On those unexplained books in our home:  Presidents, Inventors, Businessmen, Economists, World Scholars, Scientists, Peacemakers and then some, I read every one of them for you. I wanted to know how they became “men,” and “leaders” because I wanted to raise you like one of them, even though picket-fence-traditional was no longer part of our family DNA.  I didn’t care if they were republican, democrat, Jewish, Muslim, Atheist or whatever.  They were all just men who did something with their lives, to me.  I just wanted to know how someone like Barack Obama graduated from Harvard, became a good husband, good father and then the forty-fourth president of the United States without a “traditional” father (or mother) who raised him.  I didn’t really find a single solution or sure-thing recipe over the years, reading the lives of all of those successful and great men. But I did I find some comfort that some of their journeys weren’t exactly easy or traditional; and after downloading all of their lives, I did find traits of you in every one of those books and I have tried to foster those characteristics of steadfastness, honesty, discipline and the honor I see in you. (By the way, because it is your eighteenth year, you’re now the owner of 107 biographies, mostly first editions)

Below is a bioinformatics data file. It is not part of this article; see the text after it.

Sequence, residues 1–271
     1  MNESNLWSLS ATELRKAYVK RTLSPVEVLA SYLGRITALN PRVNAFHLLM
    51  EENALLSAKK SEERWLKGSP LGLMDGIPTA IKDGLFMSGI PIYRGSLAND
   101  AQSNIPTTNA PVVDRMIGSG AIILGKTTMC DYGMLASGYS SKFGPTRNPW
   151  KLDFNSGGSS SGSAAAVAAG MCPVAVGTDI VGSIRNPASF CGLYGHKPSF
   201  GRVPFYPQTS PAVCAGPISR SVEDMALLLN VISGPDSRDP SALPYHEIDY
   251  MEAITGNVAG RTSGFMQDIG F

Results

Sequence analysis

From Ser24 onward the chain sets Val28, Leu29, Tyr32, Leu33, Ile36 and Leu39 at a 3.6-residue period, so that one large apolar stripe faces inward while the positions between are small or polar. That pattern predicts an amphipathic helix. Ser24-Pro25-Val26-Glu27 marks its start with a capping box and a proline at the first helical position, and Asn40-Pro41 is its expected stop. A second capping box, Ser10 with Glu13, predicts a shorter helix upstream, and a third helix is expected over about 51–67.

From the day you were born, I knew you were an old-fashioned, compassionate soul and you have this wondrous-way of never judging others.  It is not lost on me today as to why your crew buddies refer to you as “Pops.” You’re a natural paternal-figure for many—helping them with schoolwork, never wanting another to fail, taking your less fortunate “band of brothers” out for pizza, gladly sleeping on the floor so a buddy can have good night’s rest on the bed, giving your money to someone who needed it more than you, and now as a senior in high school you still look after everyone in your sphere of youth, allowing them have it easy and a little fun. And although I am incredibly proud of you for being so grown-up throughout your life; it has pulled at my heart because I just wanted you to have some fun—be carefree, like a kid should. And I truly understand this nurturing-way of yours is your fun, as well.  It’s been my Catch-22 in raising you.